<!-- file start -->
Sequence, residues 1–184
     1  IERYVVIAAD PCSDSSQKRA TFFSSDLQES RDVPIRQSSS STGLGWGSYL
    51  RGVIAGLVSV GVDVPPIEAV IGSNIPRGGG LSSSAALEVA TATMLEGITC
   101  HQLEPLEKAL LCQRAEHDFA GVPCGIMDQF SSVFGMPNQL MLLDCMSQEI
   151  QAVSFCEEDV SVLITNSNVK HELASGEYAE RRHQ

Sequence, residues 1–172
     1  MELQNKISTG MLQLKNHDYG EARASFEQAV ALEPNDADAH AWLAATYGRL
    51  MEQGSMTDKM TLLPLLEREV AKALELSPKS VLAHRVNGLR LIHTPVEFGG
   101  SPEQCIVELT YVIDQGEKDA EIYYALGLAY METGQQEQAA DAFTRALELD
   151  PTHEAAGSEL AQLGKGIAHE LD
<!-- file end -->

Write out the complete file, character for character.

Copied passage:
Sequence, residues 1–184
     1  IERYVVIAAD PCSDSSQKRA TFFSSDLQES RDVPIRQSSS STGLGWGSYL
    51  RGVIAGLVSV GVDVPPIEAV IGSNIPRGGG LSSSAALEVA TATMLEGITC
   101  HQLEPLEKAL LCQRAEHDFA GVPCGIMDQF SSVFGMPNQL MLLDCMSQEI
   151  QAVSFCEEDV SVLITNSNVK HELASGEYAE RRHQ

Sequence, residues 1–172
     1  MELQNKISTG MLQLKNHDYG EARASFEQAV ALEPNDADAH AWLAATYGRL
    51  MEQGSMTDKM TLLPLLEREV AKALELSPKS VLAHRVNGLR LIHTPVEFGG
   101  SPEQCIVELT YVIDQGEKDA EIYYALGLAY METGQQEQAA DAFTRALELD
   151  PTHEAAGSEL AQLGKGIAHE LD